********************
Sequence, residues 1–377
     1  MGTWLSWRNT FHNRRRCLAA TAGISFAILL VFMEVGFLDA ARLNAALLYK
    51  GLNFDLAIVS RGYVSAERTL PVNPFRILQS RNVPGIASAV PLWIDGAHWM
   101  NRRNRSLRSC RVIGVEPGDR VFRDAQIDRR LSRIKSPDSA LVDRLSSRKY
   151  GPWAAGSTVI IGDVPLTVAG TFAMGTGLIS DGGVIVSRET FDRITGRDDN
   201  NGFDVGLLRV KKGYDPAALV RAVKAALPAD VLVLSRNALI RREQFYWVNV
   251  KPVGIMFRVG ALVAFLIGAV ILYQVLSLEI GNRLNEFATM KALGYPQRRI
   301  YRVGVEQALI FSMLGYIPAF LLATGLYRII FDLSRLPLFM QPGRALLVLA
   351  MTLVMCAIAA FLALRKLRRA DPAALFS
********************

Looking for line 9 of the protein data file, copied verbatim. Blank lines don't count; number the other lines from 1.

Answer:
   351  MTLVMCAIAA FLALRKLRRA DPAALFS